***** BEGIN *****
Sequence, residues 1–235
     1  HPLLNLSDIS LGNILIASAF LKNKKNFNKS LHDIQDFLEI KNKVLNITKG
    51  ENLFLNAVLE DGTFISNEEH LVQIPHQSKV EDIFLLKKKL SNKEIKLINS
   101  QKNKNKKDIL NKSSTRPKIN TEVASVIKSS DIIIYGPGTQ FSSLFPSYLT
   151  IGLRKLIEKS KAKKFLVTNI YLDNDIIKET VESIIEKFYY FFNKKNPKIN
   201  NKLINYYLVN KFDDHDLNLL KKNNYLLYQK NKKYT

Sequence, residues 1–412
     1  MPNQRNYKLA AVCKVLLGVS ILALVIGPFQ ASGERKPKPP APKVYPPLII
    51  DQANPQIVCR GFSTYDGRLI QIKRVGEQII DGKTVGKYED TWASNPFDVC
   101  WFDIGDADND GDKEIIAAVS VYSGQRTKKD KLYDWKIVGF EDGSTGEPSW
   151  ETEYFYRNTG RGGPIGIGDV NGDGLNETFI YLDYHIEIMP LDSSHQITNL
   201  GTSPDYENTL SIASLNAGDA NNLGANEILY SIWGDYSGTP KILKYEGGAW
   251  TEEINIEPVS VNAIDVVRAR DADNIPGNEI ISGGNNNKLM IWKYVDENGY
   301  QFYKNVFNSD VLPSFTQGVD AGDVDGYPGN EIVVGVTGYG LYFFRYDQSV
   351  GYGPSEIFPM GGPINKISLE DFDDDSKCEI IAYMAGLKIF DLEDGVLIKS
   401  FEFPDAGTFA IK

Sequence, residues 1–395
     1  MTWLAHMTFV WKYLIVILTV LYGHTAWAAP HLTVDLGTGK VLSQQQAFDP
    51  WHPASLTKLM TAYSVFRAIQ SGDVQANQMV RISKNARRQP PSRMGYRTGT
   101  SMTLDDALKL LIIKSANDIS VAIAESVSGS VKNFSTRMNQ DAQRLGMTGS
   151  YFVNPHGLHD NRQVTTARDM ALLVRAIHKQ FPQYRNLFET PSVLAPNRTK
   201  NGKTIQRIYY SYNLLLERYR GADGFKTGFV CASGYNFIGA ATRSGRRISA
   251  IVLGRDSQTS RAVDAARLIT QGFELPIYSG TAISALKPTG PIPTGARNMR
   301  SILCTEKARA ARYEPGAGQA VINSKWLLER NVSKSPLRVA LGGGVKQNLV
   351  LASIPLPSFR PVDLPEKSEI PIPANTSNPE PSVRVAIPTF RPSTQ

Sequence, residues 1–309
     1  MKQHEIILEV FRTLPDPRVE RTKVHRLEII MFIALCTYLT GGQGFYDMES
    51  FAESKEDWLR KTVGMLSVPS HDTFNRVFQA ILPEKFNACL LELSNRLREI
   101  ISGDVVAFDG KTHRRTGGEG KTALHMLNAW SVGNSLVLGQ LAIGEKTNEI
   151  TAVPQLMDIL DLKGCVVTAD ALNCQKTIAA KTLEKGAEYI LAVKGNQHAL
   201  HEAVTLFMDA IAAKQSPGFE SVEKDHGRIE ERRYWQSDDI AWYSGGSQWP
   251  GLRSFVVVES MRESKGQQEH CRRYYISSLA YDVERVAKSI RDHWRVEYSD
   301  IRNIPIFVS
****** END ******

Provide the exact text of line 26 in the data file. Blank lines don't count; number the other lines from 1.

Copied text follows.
Sequence, residues 1–309